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By their affectionate and devoted love the rest of her life was made happy, even after the far greater loss in 1820 of the brother to whom she had always been deeply attached.

Married when a mere child to the Duc de Fleury, great-nephew of the Cardinal, there was no sort of affection between her husband and herself, each went their own way, and they were scarcely ever in each others society. He had also emigrated, but he was not in Rome, and Mme. Le Brun, who was very fond of her, foresaw with anxiety and [100] misgiving the dangers and difficulties which were certain to beset one so young, so lovely, so attractive, and so unprotected, with no one to guide or influence her. Full of romance and passion, surrounded with admiration and temptation, she was already carrying on a correspondence, which could not be anything but dangerous, with the Duc de Lauzun, a handsome, fascinating rou, who had not quitted France, and was afterwards guillotined.

The King, after the death of Mme. de Pompadour, of whom he had become tired, lived for some years without a reigning favourite, in spite of the attempts of various ladies of the court to attain to that post. His life was passed in hunting, in the festivities of the court, and in a constant succession of intrigues and liaisons for which the notorious Parc aux cerfs was a sort of preserve. His next and last recognised and powerful mistress was Mme. Du Barry.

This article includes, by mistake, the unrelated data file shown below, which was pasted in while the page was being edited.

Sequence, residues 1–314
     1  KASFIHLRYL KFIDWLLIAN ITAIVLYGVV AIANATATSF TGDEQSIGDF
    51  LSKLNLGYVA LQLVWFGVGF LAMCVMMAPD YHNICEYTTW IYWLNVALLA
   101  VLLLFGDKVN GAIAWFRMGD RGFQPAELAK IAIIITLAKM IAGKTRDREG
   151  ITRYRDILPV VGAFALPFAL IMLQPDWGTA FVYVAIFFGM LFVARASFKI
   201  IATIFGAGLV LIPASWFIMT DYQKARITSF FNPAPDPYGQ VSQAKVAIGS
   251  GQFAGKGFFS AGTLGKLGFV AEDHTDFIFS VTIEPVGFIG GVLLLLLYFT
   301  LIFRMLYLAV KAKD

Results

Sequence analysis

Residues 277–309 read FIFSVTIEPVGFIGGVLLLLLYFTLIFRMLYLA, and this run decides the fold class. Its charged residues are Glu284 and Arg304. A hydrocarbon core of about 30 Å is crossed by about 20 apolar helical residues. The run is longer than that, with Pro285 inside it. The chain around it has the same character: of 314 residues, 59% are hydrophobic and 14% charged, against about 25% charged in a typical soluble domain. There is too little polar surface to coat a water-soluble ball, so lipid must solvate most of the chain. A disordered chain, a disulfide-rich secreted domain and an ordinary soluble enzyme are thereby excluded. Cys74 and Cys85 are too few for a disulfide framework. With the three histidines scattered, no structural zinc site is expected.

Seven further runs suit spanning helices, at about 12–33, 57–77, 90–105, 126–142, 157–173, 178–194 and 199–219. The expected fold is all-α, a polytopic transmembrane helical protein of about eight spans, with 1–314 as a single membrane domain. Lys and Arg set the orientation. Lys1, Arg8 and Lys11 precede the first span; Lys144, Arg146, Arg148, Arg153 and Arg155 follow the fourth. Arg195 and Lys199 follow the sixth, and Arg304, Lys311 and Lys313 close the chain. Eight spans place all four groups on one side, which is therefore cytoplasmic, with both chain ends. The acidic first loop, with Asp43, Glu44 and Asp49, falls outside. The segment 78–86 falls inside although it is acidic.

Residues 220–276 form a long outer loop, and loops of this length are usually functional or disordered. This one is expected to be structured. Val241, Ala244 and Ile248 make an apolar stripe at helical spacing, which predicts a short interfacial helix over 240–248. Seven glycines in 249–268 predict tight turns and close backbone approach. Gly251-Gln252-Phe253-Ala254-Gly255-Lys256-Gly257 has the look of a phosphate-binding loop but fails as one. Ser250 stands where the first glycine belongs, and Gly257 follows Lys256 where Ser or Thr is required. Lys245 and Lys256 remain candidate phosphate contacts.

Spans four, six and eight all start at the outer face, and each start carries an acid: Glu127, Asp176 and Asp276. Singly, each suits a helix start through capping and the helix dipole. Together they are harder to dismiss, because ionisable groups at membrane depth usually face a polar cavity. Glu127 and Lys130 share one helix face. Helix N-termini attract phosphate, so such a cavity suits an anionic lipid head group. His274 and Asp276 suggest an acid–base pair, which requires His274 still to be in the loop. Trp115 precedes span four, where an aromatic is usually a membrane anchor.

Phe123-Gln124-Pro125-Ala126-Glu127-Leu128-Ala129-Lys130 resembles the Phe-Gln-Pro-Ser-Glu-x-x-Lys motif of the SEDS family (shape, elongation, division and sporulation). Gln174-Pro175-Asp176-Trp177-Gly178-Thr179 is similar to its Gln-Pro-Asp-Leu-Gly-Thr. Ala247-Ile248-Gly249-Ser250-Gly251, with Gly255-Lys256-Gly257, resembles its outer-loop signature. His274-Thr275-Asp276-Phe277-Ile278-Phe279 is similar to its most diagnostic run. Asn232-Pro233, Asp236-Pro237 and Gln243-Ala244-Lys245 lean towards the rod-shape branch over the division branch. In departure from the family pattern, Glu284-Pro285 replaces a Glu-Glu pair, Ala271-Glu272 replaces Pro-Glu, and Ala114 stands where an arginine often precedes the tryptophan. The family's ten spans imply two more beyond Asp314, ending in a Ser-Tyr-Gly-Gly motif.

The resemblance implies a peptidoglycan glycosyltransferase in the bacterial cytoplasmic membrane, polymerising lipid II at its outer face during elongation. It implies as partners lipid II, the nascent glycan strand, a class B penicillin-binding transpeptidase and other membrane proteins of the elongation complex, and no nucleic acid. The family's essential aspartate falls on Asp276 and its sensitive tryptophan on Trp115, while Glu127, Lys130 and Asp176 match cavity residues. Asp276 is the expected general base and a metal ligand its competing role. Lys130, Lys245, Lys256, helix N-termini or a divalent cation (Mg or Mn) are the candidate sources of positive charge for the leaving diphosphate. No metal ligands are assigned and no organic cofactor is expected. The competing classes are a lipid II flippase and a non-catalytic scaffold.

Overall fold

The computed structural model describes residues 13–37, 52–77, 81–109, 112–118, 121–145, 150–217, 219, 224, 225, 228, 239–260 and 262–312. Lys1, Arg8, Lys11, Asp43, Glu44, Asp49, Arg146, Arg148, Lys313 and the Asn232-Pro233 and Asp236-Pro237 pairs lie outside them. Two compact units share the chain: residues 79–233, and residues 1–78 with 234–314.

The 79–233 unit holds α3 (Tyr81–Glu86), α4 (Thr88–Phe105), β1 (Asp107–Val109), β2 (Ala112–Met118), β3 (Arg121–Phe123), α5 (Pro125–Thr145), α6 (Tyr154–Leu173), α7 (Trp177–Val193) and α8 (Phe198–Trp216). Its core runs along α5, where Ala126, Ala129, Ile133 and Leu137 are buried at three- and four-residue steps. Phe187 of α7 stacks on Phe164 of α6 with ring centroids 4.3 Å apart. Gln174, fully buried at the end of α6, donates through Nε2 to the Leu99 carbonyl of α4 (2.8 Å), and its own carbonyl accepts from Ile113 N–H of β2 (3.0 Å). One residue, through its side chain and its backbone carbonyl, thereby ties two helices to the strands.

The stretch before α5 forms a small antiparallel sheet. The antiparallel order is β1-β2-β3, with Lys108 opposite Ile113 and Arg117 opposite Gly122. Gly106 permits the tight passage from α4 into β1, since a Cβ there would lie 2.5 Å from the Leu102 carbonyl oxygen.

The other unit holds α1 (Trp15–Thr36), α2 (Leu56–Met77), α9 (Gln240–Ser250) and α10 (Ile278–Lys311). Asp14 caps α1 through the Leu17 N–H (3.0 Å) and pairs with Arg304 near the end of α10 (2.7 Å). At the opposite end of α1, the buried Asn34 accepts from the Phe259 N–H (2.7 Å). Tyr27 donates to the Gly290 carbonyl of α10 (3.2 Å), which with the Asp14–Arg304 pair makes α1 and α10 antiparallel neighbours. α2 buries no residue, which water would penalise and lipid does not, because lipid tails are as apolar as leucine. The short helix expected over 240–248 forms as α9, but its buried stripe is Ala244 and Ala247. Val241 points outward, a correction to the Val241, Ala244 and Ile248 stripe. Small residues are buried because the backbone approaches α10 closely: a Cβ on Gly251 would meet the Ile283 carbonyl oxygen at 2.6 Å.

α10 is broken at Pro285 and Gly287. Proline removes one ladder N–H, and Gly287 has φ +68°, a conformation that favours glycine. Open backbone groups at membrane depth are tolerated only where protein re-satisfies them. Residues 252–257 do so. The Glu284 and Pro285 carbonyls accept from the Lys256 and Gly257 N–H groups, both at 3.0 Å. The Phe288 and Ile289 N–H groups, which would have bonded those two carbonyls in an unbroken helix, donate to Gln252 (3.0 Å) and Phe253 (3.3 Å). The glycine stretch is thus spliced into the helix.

Yes. A fine reward for a poor creature who perhaps has not bread to eat, isnt it? I shall have to go to-morrow to hear the evidence ... and again in a month for what they call the coronation. It might amuse you to see it once.... But the strangest thing is the importance these good people [378] attach to the ceremony, and the exultation of the relations of the rosire. One would think they had gained a valuable prize. It may amuse one for the moment, but when one has to see it every year, it is a ridiculous thing for a reasonable man.

She also was overjoyed to meet the Comtesse de Brionne, Princesse de Lorraine, one of the earliest friends who had shown her unvarying kindness at the beginning of her careerand she resumed her old habit of going often to supper with her. The Polignac, too, had a place near Vienna, in fact, wherever she went Lisette met numbers of her unfortunate countrymen and acquaintance driven into exile, watching in despair the course of events in France.

They frequented the society of the Queen, went to balls, theatricals, and to suppers given by the esprits forts, such as the Marchale de Luxembourg, the old Duchesse de la Vallire, a great friend of M. de Beaune, who was a Noailles, and a contemporary of Louis XIV. [75]; also of the Marchale de Mirepoix, a leading member of society.

No, Sire.